“Ce’s right, you know,” Steff said, walking beside her. The faint elvenblood carried a candle, which guttered and stank like the ones Dee had read about before coming to the surface.

“I am aware of that,” Dee said. She didn’t look at Steff, and only in part because the light of the candle stung her eyes. “This is obviously a dream. As I am too far removed from Dehsah to be making true contact, cer presence here must be a product of my own imagination, as is yours.”

“Well, that, too,” Steff said. “But I meant about the whole ‘mommy’ complex.” Dee was still avoiding looking at Steff, but in doing so, she saw the wispy images of Dehsah forming on what would have been the cavern wall. Ce looked young and vibrant as ce always would, with an infant who might have been Dee or any of her more recent maternal ancestors suckling at cer breast. “Dating your old wet nurse? That’s more than a little bit creepy, even with the whole ‘ageless’ thing.”

“I do not discuss my personal life with you in real life,” Dee said to Steff. “I do not know why you think I’d do so in a dream.”

The figment had changed to show a somewhat older child, who was now unmistakably herself, sitting on Dehsah’s knee and being given rudimentary instruction in reading… or perhaps simply having a book read to her.

“You mean, you don’t know why you think that,” Steff said. “Because it’s your dream, and here we are, talking about it.”

“My mind is wandering,” Dee said. “Clearly I am not myself.”

“Then who are you?”

“I am Delia Daella d’Wyr,” Dee said. “Daughter of Daella Degra d’Wyr, daughter of…”

“Yes, we know all that,” Steff said. “And you’re dating…”

“I do not date.”

“Fine, then,” Steff said. “You’re fucking your former nursemaid, a hotty guardsman, and a haughty priestess…”

The ghostly image of Dehsah, which kept pace with them no matter how quickly Dee stalked down the path, was now flanked by Darek, who was having his way with one of his young paramours from the men’s barracks, and Alea, who was seeing to the needs of Dee herself. Dehsah was still tending a younger version of Dee, now playing some chasing game with the child.

“I am not doing what you said with anybody at the present time,” Dee said, forcing the images to recede.

“What you said,” Steff corrected her.

“I am dreaming about having a conversation with you,” Dee said. “That does not mean that everything you say is a representation of my own inner thoughts.”

“Fine, whatever,” Steff said.

“That aside, your account of my lovers is too generous by one,” Dee said.

“Right,” Steff said. She stepped forward and held her candle out. Its light caught on unseen forms within the void, illuminating the space in front of them in a way that Dee had never experienced. The flickering light seemed to reveal or create a scene before her eyes.

Is this how other creatures see?

She recognized the figures in the scene… she recognized the scene, though it was incomplete. The setting was her private chamber. Her amekan, Darek, was there, as was Dehsah. Two cloaks hung on the wall.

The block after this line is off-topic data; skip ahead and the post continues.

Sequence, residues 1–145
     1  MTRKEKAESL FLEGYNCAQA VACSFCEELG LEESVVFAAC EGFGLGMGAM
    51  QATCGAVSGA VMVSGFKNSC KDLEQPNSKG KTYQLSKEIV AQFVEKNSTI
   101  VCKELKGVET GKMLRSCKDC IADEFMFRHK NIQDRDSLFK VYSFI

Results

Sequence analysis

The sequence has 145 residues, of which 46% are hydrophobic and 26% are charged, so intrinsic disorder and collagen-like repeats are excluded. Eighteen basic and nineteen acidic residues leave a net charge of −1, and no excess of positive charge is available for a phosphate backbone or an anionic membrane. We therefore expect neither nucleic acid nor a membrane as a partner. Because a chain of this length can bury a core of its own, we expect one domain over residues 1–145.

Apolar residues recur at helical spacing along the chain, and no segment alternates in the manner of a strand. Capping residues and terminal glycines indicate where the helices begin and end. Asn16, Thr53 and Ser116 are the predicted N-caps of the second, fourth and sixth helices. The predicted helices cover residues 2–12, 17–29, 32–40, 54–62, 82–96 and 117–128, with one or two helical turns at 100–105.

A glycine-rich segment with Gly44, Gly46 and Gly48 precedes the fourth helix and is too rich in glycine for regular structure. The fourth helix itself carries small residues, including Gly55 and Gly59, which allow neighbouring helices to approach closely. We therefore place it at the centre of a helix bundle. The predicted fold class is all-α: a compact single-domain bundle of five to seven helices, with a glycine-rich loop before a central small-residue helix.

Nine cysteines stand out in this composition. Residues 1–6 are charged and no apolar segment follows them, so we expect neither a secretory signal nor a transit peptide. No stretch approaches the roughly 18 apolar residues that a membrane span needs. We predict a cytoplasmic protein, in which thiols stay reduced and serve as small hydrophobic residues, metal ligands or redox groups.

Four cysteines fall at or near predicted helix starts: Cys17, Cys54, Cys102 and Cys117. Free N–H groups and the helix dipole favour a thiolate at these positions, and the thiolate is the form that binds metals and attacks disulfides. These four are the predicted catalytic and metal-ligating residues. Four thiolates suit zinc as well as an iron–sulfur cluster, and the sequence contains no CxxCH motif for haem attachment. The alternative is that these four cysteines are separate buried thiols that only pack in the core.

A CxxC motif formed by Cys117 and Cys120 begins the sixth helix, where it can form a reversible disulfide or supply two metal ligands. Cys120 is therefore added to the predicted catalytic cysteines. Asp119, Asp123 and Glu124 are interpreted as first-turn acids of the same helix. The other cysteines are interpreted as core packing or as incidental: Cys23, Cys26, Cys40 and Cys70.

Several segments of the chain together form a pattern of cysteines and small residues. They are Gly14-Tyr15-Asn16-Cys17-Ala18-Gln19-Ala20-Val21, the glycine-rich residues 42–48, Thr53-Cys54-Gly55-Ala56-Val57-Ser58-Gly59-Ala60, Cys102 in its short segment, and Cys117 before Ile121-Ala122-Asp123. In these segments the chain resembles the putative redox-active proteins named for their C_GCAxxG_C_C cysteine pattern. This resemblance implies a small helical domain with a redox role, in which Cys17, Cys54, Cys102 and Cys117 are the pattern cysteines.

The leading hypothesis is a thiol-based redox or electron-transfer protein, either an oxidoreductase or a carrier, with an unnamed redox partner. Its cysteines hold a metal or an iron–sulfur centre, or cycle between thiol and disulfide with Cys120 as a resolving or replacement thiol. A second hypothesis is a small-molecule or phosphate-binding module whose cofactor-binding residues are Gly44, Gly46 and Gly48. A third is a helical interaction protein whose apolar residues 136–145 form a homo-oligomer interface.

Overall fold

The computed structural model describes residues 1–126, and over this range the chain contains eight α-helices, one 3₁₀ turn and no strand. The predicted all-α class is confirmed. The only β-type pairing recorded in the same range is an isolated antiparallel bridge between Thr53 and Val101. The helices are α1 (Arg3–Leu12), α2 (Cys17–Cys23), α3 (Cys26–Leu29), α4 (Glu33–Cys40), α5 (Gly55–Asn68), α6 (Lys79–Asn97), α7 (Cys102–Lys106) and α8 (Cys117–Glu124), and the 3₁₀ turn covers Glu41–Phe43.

Darek was dressed in supple leggings of lizard skin lined with nearly weightless spider mail and a similarly reinforced but beautifully tailored shirt. With his lizard skin gloves, the only skin that was exposed was above the shirt’s high collar.

Dehsah, by contrast, wore cer customary robes, which would have been identified as a “dress” by other cultures… low-cut and form-fitting, to show off the contrasting sets of assets ce boasted above and below. Ce held a silver tray with three silver goblets on it, expertly balanced on a single hand.

“Shouldn’t we wait for Alea?” Dehsah asked, addressing the empty air. “She isn’t going to want to miss one last chance to say goodbye.”

“I have already said goodbye to Alea,” Dee said, stepping off the path and into the memory. Now, as then, she spoke without inflection and felt her mind clamping shut. Now, as then, she knew that this did nothing to keep the truth of her feelings from her lovers.

“And so now you’ve come to say goodbye to us?” Dehsah asked, eyes bright and brittle with fear.

“Never,” Dee said. “I will love you forever, pretty Dehsah. If you died tomorrow, and I lived a thousand cycles longer, I would still spend every moment of my life loving you.”

Except, that hadn’t been what she had said, and so her memory of Dehsah did not respond to it.

It had been what she had meant, but it would have been wildly inappropriate.

“What I don’t get,” Steff said, “or what I wouldn’t get, if I was actually here, is Dehsah’s dress.”

“What do you mean?” Dee asked, looking at Dehsah. Both ce and Darek had frozen when she’d gone off-script.

“Your boytoy’s stuff is a little frilly, but aside from being lined with leather and mail, it still covers more than would be fashionable under the light of day,” Steff said. “But Dehsah’s got cleavage… and there’s only two cloaks hanging up there, for three people. What’s up with that?”

“Dehsah’s body is a gift from Arakhis the Forsaken,” Dee said. “It would be a sin to hide it away.”

“Do you say that because you believe it, or because you like to look at cer?” Steff asked.

“The two are not mutually exclusive,” Dee said.

“Have you ever asked how Dehsah feels about being paraded around?”

“I can only assume that ce is justifiably proud,” Dee said. “As are all the halfkind with which House d’Wyr is blessed.”

“Proud, of being an ornament in a society in which there is no greater shame than uselessness?” Steff said.

“Dehsah is far from useless,” Dee said. “Ce raised me, and my mother before me, and her mother, and her mother, and her mother, and her mother.”